A judge released an FBI agent accused of shooting a Metro passenger last December — on good faith he returns in two weeks to face charges of second-degree attempted murder.
Eduardo Valdivia turned himself in Tuesday on charges stemming from a Dec. 15 shooting in Montgomery County, Maryland, on a Red Line train, his attorney Robert Bonsib said.
Last week, a grand jury indicted Valdivia, 37, on charges of attempted second-degree murder, assault, reckless endangerment and felony use of a firearm.
Judge Joan Ryan oversaw a short bench warrant hearing. Appearing by video from the Montgomery County Detention Center in a blue button-up T-shirt, Valdivia agreed to the terms of release on his own recognizance, that he surrender his passport, any weapons and stay away from Steven Slaughter.
Slaughter survived after he was shot Dec. 15 on a train between Metro’s Grovesnor and Medical Center stations. In laying out the facts of the case, prosecutor Robert Hill said another passenger called 911 after the shooting and explained what happened before it.
The victim sat across the aisle from Valdivia and engaged him in a conversation, ending with a fist bump and the man went on his way, allegedly muttering expletives after Valdivia would not give him any money.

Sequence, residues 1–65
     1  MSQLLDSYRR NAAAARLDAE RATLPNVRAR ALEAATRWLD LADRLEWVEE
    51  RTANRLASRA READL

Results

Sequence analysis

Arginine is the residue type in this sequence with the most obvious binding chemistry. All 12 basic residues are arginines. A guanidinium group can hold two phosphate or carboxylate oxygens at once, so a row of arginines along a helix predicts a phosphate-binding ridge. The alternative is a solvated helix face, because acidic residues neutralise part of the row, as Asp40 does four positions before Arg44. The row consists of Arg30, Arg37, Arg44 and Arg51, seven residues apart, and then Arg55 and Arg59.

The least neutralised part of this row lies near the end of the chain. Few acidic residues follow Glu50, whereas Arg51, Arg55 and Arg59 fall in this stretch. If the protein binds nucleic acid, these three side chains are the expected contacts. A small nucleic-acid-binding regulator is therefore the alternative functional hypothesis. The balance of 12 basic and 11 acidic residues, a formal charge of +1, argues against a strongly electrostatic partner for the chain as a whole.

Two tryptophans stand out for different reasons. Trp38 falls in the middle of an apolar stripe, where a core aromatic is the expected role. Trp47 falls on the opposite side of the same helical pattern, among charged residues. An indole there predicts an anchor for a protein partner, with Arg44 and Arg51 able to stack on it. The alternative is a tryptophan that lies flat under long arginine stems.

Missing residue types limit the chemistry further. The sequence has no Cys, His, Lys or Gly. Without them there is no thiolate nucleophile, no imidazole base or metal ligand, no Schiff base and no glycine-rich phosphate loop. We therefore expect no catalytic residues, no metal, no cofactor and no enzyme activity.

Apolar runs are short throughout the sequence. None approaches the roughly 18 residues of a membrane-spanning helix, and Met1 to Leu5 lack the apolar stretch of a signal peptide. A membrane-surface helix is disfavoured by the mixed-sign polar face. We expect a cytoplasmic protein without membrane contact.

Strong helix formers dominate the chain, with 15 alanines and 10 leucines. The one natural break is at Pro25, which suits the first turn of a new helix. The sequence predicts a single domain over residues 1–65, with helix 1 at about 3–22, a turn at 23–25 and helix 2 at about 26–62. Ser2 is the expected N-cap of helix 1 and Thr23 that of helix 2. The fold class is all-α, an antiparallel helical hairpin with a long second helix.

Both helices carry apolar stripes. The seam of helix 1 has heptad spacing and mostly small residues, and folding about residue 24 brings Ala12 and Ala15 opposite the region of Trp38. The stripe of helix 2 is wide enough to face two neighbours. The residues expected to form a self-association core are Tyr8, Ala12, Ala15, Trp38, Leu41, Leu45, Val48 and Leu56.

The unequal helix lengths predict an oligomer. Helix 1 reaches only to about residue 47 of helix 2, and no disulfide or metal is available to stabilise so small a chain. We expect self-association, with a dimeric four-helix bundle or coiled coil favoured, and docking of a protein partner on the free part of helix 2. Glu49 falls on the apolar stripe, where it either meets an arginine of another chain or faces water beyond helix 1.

“I think it’s important to remember that this is an agent who was used to working in dangerous and undercover capacities, he can see body language as he changes, he can feel the danger as it approaches. And the law does not require that you wait to be struck before you take action,” Bonsib said.
He said his client warned the victim when he approached again and got in Valdivia’s space to “back-up” before firing two shots, wounding the man. He was rushed to emergency surgery — where, prosecutors said, part of his spleen, colon and pancreas had to be removed.
Both sides called the case complex, given the element of self-defense, Valdivia’s decision to use his service weapon in a public space, and the fact the victim was unarmed. But Montgomery County State’s Attorney John McCarthy said it comes down to self-defense.
“Let me say the jury or a judge will decide when this matter is tried whether or not it was justified or not, we would not have brought the charge if we thought that it was protected by law,” he said.
Valdivia’s next hearing is set for June 11.